Seeing reading as a key ingredient in life, APO Group’s (APO-opa.com) Senior Account Manager Sandra Buyole is making her mark in the world of literacy with her recent book review and interview in Kenya’s Business Daily Newspaper.
Thirty-two-year-old Buyole of Nairobi, Kenya recited her love for books and the impact that reading has had on her since she first started flipping through the pages of the teen novels, Sweet Valley High series since the age of 11.
Motivated and urged by her now-retired school teacher mum, who always encouraged her to read and explore the world through books, Buyole said that books gave her perspective in life, humanity, and awareness of her environment. This was imparted to her more significantly as a young teenager when she stumbled upon Gifted Hands: The Ben Carson Story.
The novel is the inspiring story of an inner-city kid with poor grades and little motivation, who, at age thirty-three, became director of paediatric neurosurgery at Johns Hopkins University Hospital.
In his book Dr Carson also describes the key role that his highly intelligent though relatively uneducated mother played in his metamorphosis from an unmotivated ghetto youngster into one of the most respected neurosurgeons in the world.
“Gifted Hands changed my perspective completely. It gave me a 360 view of everything, the world I was in as a teenager, and the role of my parents played, especially my mum. I never understood my mum as a woman and that she sacrificed a lot to afford me the privileges that I had. For Dr Carson, the one thing that catapulted him to become the recognized surgeon that he is, was by virtue of reading and having a strict uneducated mother who insisted that education would be her gift to Dr Carson and his brother. Reading in fact emancipated them from poverty and that really touched me a lot.”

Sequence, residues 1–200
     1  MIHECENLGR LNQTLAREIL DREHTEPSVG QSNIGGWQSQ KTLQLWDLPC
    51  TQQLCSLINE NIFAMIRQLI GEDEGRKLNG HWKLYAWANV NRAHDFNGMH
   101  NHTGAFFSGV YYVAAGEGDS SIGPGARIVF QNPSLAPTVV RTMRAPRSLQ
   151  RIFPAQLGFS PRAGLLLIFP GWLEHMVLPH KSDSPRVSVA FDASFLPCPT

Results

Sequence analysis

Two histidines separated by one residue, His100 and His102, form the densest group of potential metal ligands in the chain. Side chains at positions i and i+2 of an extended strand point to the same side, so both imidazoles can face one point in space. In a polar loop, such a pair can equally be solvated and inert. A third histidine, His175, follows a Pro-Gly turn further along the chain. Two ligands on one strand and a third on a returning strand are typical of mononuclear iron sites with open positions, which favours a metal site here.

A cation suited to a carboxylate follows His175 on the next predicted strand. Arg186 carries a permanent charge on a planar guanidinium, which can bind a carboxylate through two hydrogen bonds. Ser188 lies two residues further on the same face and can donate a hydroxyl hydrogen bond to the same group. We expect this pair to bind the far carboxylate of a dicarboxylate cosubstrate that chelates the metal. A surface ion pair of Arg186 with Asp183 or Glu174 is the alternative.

Keen to impart the same love of books to her now three-year-old daughter, Buyole added that her reading schedule also included Kiswahili texts with the vision of one day starting a Kiswahili library for children.
“These days many Kenyans are opting to speak and read in English and consider it to be a more significant language compared to Kiswahili which is also our national language. I find the language a unifying factor that symbolizes our identity and culture as Kenyans. A lot can be done to emphasize Kiswahili as much as we do English, and I would open a library purely for that in a bid to preserve the beautiful language.”
With her profession exposing her to more reading and research Buyole said that it blended in well with her career as she subscribes to a number of magazines and newspapers.
As for her passion for the written word, Buyole added that she was keen to restart her blog and soon publish a poetry book to capture her life experiences.
“I used to do a lot of poetry and poem writing when I was younger and I would like to reignite that love for prose in a book that looks at life, love, mistakes, growth, and being a woman. I have a passion for poetry, and I think I owe the world such a book. In the pipeline as well is my intention to restart my blog dedicated to the sights, sounds, and cultures of Africa. I have a deep love for the continent, and I want to showcase her beauty in all that she has to offer.”
Commenting on Buyole, APO Group Vice President Digital, PR and Media Relations, Lynne Krawchuk said: “Sandra, and her love for the written word, is an inspiration to many African women across the Continent. Reading is knowledge and forms part of a bigger and better understanding of Africa and the world. I am so proud that Sandra has followed and continues to follow her passion.”
From The News Brief team congratulations Sandra.